Apart from the equipment manufacturers and as you summarize it, the players are therefore free to engage with any sponsor.
Players do what they want, within legal constraints. For example, when sports betting was banned in France, French players were prohibited from posing for gambling sites, as it was not within the scope of the law.
In the negotiations between Kylian Mbappé’s entourage and Real Madrid, the crux of the negotiations would thus concern the player’s desire to control a large part of his image rights. Something that Florentino Pérez would not really be ready to allow. What about, first of all, the operation at PSG?
PSG, as an employer, has the right to solicit any player, because it has a relationship of subordination with its employees. The minimum provided for a sponsor within a club is the presence of five players. From five, they are “obligated” to appear in the planned advertisements. When signing a contract, each player has a clause in which he is registered: “Club Z solicits player Y for an advertising appearance X times in the year. » The only thing they can negotiate is the exploitation of their image, alone. For example, if UNIBET wants to exploit only the image of Mbappé, it would have had to negotiate with the player himself, who would then have had a right of refusal. The only exception, for a club to advertise with only one player, is if there is a clause that specifies this in a prior contract.
“Pérez bet everything on the image of his players, displaying everywhere Beckham, Figo, Ronaldo and Zidane. The model obviously worked, but more importantly, none of them had full control of their image. »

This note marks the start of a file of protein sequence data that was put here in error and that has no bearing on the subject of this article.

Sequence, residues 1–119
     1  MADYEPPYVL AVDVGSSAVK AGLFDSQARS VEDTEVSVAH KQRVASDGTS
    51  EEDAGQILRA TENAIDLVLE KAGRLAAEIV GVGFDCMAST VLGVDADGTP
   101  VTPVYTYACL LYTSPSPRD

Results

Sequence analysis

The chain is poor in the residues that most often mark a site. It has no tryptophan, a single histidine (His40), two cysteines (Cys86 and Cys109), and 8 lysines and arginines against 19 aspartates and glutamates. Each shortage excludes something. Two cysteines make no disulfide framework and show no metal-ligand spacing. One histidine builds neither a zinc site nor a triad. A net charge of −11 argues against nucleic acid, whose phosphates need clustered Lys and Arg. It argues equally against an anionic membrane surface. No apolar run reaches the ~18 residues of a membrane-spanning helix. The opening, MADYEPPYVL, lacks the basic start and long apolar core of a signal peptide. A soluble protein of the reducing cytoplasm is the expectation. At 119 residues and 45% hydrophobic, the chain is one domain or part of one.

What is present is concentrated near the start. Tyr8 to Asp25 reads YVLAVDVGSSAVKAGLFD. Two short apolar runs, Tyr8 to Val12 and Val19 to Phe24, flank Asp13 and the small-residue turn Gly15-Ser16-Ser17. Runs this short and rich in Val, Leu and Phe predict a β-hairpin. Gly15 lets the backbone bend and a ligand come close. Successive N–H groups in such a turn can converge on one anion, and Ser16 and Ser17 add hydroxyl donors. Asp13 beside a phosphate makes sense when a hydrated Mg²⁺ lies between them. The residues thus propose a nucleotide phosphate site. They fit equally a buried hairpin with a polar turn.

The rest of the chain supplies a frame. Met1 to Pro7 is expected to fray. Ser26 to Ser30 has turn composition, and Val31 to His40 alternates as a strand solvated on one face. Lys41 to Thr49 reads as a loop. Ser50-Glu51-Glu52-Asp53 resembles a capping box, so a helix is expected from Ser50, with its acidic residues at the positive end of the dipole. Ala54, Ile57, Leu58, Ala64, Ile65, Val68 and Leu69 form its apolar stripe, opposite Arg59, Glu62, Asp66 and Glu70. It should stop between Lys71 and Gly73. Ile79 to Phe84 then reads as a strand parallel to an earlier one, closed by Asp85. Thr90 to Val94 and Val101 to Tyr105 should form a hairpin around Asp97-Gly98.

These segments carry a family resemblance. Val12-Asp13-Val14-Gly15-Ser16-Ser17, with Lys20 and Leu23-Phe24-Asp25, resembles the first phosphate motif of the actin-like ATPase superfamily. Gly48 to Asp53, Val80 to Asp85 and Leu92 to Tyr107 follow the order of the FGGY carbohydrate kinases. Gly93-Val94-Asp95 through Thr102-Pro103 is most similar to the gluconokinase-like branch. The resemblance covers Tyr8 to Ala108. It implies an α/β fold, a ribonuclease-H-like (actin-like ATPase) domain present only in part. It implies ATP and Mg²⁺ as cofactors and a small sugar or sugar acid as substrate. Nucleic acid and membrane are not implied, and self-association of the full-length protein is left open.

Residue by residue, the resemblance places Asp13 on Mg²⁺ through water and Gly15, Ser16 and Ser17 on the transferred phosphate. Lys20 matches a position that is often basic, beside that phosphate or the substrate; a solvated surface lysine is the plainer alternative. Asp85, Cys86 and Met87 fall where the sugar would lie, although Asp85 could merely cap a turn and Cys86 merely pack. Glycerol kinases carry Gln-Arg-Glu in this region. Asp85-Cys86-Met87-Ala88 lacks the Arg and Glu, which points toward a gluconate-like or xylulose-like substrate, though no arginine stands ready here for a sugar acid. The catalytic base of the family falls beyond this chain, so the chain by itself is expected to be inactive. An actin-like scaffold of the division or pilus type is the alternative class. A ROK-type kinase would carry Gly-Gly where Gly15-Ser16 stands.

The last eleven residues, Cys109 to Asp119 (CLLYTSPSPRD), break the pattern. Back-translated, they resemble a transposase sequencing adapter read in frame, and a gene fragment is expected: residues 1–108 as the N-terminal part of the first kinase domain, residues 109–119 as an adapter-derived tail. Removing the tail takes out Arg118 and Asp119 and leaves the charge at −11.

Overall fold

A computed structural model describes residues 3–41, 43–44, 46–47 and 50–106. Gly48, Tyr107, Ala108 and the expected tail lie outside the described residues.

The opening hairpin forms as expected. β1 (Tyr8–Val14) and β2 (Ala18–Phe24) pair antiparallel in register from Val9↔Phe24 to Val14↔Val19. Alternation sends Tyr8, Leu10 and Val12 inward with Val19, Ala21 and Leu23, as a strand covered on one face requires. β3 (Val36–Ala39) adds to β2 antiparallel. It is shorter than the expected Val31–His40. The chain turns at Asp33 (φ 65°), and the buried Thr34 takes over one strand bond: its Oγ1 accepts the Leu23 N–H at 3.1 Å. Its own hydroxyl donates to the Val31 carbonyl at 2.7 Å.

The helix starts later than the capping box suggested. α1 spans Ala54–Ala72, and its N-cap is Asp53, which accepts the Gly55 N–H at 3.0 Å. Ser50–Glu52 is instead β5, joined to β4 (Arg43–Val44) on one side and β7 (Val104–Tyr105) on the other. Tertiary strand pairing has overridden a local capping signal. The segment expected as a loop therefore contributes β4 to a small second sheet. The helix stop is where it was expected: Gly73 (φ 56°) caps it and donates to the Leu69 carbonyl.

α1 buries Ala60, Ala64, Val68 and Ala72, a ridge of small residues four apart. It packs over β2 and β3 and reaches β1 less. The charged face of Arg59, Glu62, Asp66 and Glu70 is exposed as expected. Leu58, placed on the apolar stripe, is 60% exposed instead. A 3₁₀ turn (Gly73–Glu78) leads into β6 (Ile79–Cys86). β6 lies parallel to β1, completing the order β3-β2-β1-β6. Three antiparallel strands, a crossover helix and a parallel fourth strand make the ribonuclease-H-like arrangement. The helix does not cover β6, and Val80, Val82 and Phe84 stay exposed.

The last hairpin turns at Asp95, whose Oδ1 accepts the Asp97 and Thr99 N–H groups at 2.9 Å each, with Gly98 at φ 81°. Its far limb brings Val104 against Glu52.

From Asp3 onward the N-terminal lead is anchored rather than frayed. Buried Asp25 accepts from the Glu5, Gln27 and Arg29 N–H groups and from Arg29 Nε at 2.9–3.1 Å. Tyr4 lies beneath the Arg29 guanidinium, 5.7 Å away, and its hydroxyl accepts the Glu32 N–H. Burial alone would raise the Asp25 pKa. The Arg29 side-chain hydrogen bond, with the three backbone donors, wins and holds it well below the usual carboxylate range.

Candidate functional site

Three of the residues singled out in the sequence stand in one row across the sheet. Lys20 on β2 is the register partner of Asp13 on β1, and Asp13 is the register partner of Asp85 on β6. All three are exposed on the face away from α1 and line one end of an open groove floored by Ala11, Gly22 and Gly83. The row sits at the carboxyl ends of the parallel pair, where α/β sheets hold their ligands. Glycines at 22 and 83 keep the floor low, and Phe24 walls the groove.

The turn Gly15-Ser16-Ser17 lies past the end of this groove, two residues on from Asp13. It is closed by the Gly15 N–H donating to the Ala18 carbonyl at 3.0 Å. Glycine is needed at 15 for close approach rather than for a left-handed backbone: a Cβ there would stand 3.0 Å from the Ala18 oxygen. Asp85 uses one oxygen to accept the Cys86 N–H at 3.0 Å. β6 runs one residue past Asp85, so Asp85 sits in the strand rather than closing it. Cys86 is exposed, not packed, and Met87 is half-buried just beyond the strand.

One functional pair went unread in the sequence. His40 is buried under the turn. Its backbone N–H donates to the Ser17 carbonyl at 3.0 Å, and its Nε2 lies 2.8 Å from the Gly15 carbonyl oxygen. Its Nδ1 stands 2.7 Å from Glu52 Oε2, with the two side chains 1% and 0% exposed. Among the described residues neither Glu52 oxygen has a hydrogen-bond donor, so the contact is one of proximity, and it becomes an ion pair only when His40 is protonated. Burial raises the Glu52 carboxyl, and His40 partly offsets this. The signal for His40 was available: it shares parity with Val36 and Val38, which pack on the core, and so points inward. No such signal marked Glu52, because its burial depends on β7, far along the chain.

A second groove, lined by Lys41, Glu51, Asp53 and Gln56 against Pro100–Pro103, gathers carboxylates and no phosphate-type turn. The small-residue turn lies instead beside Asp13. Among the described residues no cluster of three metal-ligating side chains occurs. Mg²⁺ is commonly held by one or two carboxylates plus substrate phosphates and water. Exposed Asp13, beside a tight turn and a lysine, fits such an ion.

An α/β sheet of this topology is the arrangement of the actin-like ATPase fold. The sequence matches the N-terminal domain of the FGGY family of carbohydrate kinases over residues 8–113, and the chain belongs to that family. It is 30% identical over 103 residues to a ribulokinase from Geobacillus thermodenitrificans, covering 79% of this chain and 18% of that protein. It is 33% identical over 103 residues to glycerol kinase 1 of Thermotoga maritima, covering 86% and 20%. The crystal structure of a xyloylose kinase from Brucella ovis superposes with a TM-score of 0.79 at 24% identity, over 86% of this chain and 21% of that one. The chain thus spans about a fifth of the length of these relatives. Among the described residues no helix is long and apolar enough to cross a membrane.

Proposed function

At Real Madrid, the operation is not the same.
In the Real Madrid model, invented by Florentino Pérez with the Galacticos, financing comes mainly from the internationalization of the club. Everything therefore goes through the monetization of Meringues. Pérez bet everything on the image of his players, displaying everywhere Beckham, Figo, Ronaldo and Zidane. The model obviously worked, but more importantly, none of them had full control of their image. The club has always kept control of its cash flow.
For Mbappé, these questions did not start in club, but in selection.
In this specific case, the FFF is caught in a vice, because there is no relationship of subordination with Mbappé, not being an employee of the France team. He does not receive a salary in Blue, but bonuses. Thus, there is no contract binding the French federation to its players, there is only an agreement, which one signs when arriving in the national team. It even extends up to five years after the players’ international retirement. For Mbappé, the problem is therefore not financial, but moral. He wants to make his image rights a matter of conscience. He does not want to be a prisoner of this convention, forcing him to represent a brand with a “bad reputation”, which can be understood.